It is interesting to note what Fr. Raniero CANTALAMESSA OFM,Cap has to say about the possibility of this devotion considering is the Papal Preacher for the Apostolic Household at the Vatican.

It’s sad that in the whole liturgical year there isn’t a feast dedicated to the Father, that in the whole Missal there isn’t even a votive Mass in His honour. Come to think of it, it’s very strange; there are many feasts dedicated to Jesus the Son; there is a feast of the Holy Spirit; there are many feasts dedicated to Mary… There isn’t a single feast dedicated to the Father, “source and origin of all divinity”. We could almost say that the Father, and no longer the Holy Spirit, is “the unknown divinity”.

It’s true, there is the feast of the Holy Trinity, which, however, is the feast of a mystery, or a dogma and not of a person and, nevertheless, not of a single divine person. Besides, the fact that there is a feast of the Holy Family doesn’t mean the Church may not feel the need to celebrate, even individually, the three persons of the Holy Family. There are even two feasts dedicated to Jesus’ putative father, but there isn’t a single feast dedicated to His real Father. Couldn’t this be the moment to fill this gap?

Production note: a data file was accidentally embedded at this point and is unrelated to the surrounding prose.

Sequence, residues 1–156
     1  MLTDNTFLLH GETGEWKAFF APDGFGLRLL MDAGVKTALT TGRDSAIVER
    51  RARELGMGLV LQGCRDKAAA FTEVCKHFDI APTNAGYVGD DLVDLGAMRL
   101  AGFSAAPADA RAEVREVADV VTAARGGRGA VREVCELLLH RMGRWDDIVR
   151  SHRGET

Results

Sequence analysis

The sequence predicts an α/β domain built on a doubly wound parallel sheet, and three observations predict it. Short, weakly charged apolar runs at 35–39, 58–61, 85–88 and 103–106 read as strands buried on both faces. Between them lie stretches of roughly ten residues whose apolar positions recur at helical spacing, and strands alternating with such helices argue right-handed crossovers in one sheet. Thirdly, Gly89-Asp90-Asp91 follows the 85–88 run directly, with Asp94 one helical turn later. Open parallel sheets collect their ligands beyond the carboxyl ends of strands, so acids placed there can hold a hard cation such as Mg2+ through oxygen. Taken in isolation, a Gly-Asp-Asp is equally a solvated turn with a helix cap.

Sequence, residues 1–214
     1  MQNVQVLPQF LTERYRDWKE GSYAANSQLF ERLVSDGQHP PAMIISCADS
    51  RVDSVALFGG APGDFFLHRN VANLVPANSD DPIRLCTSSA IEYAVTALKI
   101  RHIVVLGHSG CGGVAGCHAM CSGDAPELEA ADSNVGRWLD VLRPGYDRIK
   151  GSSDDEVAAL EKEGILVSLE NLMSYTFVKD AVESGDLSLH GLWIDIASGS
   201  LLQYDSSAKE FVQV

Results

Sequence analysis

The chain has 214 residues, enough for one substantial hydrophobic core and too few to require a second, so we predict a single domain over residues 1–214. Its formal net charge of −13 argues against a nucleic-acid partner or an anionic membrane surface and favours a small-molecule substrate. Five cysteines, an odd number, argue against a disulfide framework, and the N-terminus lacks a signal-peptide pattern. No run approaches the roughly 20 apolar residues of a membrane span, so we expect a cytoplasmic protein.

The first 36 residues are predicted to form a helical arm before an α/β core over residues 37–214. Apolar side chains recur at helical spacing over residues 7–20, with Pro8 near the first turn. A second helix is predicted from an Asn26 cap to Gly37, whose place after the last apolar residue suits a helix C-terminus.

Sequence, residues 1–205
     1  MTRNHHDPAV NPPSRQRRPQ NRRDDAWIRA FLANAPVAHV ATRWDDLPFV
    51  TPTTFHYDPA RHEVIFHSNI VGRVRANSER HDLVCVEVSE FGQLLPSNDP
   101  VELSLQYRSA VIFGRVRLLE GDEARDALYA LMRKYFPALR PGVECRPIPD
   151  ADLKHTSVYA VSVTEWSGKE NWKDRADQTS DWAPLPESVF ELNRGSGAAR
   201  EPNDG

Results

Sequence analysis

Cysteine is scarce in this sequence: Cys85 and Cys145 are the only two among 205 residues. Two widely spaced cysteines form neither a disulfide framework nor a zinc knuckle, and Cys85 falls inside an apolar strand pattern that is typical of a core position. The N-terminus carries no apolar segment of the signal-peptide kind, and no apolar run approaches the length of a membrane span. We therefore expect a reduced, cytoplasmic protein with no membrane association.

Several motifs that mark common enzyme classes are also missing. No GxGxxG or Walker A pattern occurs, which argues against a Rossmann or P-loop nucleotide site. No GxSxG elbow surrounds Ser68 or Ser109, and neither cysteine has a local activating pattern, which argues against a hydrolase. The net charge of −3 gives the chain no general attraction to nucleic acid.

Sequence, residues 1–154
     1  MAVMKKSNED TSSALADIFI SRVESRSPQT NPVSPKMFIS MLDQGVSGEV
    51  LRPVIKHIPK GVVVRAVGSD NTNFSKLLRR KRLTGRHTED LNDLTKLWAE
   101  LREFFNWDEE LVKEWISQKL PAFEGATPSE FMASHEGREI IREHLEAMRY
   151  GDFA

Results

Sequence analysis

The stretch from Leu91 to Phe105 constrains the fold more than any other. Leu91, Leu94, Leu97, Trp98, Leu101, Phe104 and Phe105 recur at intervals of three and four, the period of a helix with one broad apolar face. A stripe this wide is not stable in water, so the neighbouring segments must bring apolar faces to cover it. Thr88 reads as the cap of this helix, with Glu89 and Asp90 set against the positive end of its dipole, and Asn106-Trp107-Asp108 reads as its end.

Many feasts originated in order to answer the particular needs of an era: the feast of Corpus Domini, for example, was born as a response of faith to the denial of the real presence, made by Berengario of Tours; to the threat of Jansenism, the Church responded with the feast and devotion to the Sacred Heart and no one will ever know how many spiritual graces this devotion produced. Today, the threat strikes the very heart of the Christian faith which is the revelation of God as Father – the “Father of our Lord Jesus Christ”, as St. Paul calls Him – and, therefore, the Trinity itself. It’s not a coincidence that Providence is bringing back to mind, in our days, the mystery of God’s suffering, but because the Holy Spirit knows that this is the remedy needed to heal the contaminated mind of modern man, who has found, in suffering, the stumbling stone which leads him far away from God.